February 22, 2013
By Jill W. Tallman
Embry-Riddle Aeronautical University has partnered with the public school system in Rockford, Ill., to create a new aerospace institute at a local high school. The Aerospace Institute is targeted to open in the fall at Jefferson High School.
The dual-enrollment program is in place at several school districts elsewhere in Illinois and in Florida. It is offered free of charge and enables students to earn high school credit toward graduation as well as college credit. Embry-Riddle professors teach the courses in students’ classrooms. ERAU said participants could potentially save $40,000 in college tuition costs.
The new Rockford institute initially will offer courses in principles of aeronautical science and unmanned aircraft systems. More than 29 courses related to science, technology, engineering, and mathematics are offered at other institutes.
“The goal of our program is for our high school students and in particular our first-generation college students to obtain a solid foundation in critical-thinking skills before attending college to complete their degree,” said Professor Leo Murphy, director of advanced placement programs at ERAU.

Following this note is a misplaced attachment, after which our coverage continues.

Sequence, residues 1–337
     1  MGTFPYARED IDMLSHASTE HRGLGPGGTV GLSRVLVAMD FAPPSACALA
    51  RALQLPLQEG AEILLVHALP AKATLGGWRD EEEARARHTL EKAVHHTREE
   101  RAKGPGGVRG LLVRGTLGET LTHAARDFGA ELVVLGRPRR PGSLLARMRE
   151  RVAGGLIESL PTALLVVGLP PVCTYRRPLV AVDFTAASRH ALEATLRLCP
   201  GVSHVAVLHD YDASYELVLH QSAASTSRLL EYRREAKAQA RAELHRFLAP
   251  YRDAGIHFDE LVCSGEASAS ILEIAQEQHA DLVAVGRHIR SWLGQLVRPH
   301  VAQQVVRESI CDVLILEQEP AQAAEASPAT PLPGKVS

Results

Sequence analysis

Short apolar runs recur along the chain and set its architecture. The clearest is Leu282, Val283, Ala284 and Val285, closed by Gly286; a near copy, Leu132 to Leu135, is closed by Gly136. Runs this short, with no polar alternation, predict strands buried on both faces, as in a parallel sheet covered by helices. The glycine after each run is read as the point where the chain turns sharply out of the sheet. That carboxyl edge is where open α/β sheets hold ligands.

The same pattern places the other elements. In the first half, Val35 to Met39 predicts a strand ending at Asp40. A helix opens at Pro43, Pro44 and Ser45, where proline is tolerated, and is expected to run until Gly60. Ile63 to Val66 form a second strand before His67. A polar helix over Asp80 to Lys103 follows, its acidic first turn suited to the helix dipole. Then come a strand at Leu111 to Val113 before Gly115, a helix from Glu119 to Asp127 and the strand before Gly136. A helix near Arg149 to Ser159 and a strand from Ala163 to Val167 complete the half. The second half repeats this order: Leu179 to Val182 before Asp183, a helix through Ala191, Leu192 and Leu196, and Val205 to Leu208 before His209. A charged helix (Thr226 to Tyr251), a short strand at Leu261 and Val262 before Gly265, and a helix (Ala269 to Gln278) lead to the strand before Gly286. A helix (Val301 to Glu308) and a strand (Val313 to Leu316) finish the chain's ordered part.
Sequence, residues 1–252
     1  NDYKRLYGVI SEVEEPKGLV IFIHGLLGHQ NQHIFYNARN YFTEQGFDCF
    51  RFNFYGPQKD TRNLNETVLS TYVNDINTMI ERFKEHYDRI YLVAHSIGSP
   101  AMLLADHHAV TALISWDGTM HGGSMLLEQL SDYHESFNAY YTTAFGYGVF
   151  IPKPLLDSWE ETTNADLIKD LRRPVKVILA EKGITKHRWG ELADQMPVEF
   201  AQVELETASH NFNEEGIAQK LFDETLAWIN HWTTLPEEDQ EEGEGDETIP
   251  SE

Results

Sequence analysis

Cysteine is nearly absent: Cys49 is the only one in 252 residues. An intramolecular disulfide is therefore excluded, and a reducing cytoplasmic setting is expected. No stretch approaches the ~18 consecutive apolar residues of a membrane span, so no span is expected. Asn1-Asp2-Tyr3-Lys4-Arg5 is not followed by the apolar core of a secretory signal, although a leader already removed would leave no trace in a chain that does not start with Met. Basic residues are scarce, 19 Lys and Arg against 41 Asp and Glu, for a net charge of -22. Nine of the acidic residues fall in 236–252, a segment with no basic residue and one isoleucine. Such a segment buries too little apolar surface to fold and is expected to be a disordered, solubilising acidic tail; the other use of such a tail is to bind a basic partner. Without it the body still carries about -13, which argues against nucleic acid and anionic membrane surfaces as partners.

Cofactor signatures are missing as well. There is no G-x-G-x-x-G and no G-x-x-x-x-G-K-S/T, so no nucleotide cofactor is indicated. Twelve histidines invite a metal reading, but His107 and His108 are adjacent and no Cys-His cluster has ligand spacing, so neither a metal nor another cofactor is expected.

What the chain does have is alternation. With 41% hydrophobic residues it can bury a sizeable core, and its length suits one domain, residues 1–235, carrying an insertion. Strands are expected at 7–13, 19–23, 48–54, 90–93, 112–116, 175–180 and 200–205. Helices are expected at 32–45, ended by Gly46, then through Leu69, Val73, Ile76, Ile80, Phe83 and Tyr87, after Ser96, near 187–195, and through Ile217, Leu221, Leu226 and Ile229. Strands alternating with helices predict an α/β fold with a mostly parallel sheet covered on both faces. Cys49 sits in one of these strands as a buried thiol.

Collaboration between the German government, academia, and airplane manufacturers may make future aircraft cabins more protective of pilots and passengers. The Safety Box team plans to apply auto racing technology to general aviation.
A father and his 14-year-old son were helping another pilot ferry a newly purchased aircraft from California to their home field in Virginia. The three made an overnight stop in Albuquerque before flying on to Illinois for fuel. But shortly after they parked the aircraft in Marion, Ill., they were approached by as many as 18 uniformed and non-uniformed law enforcement officers who came running toward the airplane.
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